Tuesday, March 31, 2009
One summer when I was 13 or 14, my best friend's neighbors asked us to organize their books for them. So Chad and I climbed the stairs into a dark, stiflingly hot, attic and I discovered my first lost world. You see, Chad's neighbors were huge science fiction fans and their attic was filled with thousands of paperback novels that they would just finish and toss up the stairs. We were free to take any that looked interesting to us as long as we boxed up all the rest - to make room for more, I guess. To this day I can still smell the scent of dry paperbacks and sweet, aged, attic wood. For a week we straightened up and I came out of that attic with supermarket bags (paper, not plastic) filled with books which we plowed through. I kept going on those bags all summer, even after Chad had lost interest. I read so many titles and stories that they're just jumbled up in my head now - images without author or title. Someday I might start a feature called "What was that book?" and see if some of you can define my query.
Of course, some of the best ones are never forgotten. I read the late Philip Jose Farmer's entire RIVERWORLD series (and I owe an in memorium tribute to this writer who passed away last month). That was also the period in which I discovered Robert Heinlein - the best writer of the golden age of sci fi. One of the things that separated Heinlein from all the other writers of his era was his ability to inject genuine emotion into the characters he wrote about. Sure he was writing about rocket jocks but these were men who were not destined to be heroes just because they happened to be the protagonist of a story. They were filled with fear and desire and courage - they doubted their decisions, their convictions, and they suffered for their choices. Heinlein provided the essential ingredient necessary to elevate a whole genre. Another great twist Heinlein was fond of was telling a story not from the usual hero's point of view. Instead of a space captain's story - Heinlein would tell the story of an ordinary soldier, or a teenager, or any other person who might be unremarkable under any other circumstances but the one they find themselves in. Like Juan Rico in STARSHIP TROOPERS (the book, not the movie). Obviously, I'm a fan of Heinlein. I've written about him twice: first in THE CHINATOWN DEATH CLOUD PERIL, and now in THE ASTOUNDING, THE AMAZING, AND THE UNKNOWN.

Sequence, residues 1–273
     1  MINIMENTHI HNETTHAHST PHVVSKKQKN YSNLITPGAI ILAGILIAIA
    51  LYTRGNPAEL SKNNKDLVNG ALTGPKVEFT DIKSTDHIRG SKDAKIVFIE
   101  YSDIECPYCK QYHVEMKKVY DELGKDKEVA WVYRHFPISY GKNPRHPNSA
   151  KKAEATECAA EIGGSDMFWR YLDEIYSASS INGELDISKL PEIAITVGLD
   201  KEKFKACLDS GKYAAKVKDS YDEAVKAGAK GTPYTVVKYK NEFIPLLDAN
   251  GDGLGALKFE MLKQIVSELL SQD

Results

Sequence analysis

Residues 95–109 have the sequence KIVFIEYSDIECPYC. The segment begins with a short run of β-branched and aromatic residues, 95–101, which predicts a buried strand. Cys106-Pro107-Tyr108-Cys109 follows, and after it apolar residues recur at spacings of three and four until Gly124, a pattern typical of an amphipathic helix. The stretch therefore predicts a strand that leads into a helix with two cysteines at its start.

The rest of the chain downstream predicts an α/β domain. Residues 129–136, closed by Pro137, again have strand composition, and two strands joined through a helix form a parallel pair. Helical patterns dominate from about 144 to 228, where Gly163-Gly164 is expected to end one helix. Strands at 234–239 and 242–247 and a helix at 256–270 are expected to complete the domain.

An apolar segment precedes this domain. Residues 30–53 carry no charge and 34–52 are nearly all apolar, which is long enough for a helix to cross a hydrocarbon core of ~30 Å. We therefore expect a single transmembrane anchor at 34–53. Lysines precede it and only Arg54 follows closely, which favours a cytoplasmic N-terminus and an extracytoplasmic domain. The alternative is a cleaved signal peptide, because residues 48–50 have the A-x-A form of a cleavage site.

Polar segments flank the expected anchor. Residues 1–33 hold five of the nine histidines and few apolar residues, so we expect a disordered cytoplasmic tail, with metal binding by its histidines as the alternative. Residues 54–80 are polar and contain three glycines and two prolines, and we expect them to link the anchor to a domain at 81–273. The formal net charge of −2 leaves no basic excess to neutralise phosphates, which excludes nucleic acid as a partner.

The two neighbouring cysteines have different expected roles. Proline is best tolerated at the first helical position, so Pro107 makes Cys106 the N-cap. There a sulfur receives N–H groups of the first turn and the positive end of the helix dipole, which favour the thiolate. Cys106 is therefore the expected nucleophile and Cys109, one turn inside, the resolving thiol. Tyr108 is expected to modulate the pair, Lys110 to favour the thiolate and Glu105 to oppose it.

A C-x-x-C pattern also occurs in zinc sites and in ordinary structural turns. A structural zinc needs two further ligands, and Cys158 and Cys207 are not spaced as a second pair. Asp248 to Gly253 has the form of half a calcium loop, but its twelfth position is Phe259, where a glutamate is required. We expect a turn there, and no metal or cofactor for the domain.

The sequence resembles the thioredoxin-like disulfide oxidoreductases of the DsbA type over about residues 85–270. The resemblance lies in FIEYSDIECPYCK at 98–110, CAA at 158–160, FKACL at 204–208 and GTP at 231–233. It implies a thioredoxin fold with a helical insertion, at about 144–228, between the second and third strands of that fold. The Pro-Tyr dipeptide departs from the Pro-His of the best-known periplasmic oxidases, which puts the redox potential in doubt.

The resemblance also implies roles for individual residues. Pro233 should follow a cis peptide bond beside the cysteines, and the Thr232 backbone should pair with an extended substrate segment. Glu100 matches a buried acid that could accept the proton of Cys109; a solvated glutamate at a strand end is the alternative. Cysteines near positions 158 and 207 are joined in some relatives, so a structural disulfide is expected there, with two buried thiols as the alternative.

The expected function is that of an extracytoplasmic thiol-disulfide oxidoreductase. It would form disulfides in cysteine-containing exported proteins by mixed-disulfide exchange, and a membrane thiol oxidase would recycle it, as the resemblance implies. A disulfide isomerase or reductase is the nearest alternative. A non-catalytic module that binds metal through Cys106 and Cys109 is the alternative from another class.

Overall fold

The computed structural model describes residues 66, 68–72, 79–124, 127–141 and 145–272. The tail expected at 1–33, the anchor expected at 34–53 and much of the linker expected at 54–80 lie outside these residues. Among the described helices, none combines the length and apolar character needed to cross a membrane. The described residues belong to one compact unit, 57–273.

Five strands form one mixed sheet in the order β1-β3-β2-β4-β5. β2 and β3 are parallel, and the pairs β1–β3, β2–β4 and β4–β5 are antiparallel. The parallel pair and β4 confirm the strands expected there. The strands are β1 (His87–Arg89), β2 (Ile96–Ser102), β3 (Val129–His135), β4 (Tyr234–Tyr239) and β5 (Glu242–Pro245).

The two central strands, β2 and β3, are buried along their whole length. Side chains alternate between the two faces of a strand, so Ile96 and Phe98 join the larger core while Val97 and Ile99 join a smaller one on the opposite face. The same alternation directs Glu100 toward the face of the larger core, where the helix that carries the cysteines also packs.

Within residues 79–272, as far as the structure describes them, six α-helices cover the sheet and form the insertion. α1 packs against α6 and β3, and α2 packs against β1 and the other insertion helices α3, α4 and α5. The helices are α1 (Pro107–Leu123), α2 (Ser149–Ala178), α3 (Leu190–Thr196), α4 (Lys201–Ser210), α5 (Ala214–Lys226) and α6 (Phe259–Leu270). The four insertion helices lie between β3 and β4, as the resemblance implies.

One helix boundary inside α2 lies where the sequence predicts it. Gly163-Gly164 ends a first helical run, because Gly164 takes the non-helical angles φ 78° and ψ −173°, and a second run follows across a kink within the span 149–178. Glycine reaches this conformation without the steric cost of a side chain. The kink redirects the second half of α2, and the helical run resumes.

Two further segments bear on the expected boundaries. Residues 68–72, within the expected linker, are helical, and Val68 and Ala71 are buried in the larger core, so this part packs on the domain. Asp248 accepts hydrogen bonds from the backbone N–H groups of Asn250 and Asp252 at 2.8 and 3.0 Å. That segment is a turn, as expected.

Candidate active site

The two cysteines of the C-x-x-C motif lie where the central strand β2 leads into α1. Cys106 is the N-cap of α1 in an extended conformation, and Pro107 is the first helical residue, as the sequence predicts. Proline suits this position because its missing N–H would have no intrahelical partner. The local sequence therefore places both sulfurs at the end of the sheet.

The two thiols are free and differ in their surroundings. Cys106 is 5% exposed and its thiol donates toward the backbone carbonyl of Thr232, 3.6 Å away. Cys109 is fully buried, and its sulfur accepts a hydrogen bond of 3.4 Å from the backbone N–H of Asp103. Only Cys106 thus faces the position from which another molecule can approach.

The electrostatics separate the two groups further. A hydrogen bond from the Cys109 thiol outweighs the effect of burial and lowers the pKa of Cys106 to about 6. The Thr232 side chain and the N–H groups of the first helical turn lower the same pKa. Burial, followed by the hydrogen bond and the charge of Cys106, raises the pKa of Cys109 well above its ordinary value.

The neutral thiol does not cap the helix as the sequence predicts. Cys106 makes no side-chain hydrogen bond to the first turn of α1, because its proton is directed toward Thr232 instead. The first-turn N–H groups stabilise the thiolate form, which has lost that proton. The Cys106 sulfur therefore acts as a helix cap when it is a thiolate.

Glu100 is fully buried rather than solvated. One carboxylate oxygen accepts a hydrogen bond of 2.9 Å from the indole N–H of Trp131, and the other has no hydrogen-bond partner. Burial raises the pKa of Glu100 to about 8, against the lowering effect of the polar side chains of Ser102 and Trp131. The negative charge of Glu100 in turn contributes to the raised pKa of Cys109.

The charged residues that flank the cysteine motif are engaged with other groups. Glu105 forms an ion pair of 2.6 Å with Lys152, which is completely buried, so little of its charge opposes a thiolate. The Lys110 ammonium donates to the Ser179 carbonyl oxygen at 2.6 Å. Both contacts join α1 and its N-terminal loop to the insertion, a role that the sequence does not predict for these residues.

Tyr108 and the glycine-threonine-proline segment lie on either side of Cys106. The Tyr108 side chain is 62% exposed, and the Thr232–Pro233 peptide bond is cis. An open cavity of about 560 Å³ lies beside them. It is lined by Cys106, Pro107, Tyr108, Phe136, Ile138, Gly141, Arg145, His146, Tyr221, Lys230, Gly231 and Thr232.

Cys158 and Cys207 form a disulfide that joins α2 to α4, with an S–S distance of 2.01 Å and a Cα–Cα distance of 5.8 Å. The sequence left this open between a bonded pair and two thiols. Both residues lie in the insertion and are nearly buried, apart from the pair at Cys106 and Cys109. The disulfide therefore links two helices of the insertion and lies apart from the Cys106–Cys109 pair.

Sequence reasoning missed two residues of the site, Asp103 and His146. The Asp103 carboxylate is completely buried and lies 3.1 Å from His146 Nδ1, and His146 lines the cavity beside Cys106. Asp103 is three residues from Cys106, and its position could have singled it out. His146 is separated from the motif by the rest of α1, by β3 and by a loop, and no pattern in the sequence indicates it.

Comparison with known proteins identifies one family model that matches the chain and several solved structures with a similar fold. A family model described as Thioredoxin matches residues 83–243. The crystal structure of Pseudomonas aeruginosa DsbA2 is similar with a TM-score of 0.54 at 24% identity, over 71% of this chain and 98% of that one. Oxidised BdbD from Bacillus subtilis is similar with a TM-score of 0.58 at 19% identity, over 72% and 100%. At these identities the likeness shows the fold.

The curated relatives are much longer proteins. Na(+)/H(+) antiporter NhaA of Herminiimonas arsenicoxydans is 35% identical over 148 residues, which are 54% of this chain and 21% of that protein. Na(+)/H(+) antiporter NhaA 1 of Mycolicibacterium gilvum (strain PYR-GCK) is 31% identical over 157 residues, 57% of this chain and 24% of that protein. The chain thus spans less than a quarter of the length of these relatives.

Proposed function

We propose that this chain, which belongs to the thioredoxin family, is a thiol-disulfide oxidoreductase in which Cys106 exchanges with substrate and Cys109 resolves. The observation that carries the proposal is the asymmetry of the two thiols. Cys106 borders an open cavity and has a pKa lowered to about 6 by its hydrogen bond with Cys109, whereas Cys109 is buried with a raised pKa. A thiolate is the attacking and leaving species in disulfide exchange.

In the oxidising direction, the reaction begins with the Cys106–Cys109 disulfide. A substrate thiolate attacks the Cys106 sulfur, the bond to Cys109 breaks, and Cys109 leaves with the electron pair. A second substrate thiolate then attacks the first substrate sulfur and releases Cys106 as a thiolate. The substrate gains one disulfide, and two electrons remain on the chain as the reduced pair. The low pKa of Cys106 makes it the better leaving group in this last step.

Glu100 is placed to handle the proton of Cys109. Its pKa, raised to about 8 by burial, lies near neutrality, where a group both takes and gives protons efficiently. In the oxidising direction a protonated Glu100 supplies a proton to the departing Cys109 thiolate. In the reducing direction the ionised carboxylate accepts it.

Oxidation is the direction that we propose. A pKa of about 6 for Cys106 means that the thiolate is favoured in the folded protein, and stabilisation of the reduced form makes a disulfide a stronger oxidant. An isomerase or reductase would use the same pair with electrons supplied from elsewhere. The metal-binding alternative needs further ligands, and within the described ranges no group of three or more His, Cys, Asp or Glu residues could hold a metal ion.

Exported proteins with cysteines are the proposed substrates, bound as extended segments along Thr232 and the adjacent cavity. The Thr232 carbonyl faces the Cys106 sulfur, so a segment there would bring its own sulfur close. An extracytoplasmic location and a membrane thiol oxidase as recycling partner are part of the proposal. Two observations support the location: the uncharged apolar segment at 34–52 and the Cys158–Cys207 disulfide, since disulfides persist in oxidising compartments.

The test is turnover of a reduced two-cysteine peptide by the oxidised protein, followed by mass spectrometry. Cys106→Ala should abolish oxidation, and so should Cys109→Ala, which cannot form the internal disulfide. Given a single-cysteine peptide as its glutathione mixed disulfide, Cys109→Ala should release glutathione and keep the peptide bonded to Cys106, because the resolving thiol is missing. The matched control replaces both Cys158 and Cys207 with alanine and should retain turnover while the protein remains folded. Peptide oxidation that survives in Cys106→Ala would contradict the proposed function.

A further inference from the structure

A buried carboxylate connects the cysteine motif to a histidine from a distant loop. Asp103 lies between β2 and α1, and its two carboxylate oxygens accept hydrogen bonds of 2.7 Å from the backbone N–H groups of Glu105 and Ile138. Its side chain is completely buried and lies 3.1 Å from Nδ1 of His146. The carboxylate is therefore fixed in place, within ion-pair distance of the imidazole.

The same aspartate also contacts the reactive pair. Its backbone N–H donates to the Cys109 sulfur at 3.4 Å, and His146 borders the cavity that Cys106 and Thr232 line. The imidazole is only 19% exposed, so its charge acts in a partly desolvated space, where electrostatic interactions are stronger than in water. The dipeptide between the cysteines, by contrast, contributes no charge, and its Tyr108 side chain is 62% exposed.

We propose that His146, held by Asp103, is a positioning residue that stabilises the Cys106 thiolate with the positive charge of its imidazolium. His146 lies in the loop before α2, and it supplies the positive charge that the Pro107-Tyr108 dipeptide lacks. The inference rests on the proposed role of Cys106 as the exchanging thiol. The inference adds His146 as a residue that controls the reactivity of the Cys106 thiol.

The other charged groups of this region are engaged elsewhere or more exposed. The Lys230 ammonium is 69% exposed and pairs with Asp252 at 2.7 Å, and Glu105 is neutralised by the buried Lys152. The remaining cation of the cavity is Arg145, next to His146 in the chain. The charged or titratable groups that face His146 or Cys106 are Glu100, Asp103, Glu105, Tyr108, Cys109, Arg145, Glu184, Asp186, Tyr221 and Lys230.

Robert Buettner has to be a fan of Heinlein, as well as a student and, perhaps, heir apparent. His novel, ORPHANAGE, tells a similar tale of a potentially wasted youth who joins the army, survives his own weaknesses to make it through basic training, puts his trust in the mission and system around him, and rises to greatness through the events surrounding an alien attack on earth. One of the astonishing things about his book is the verisimilitude of the military sequences. From the fears and pains that plague a new recruit, through the military tactics and chain of command a troop faces on the battlefield, it reads incredibly real. Like Heinlein who was a Naval officer, Buettner has had real (and interesting) experiences with the military (seriously! Check out his site for the details.) That realism, combined with humor, flair, and a sense of awe make the ORPHANAGE series one you should check out.
Thanks to Robert, we have a donated box of ORPHANAGE being delivered to troops heading to Afghanistan. There will be a major announcement about that soon! In the meantime, you can support Robert for his donation by picking up one or more (c'mon people, it's a series!) of his books. Remember, the proceeds from any book you purchase in the OWL Store goes to support Operation Warrior Library.
Posted by Paul Malmont at 5:38 AM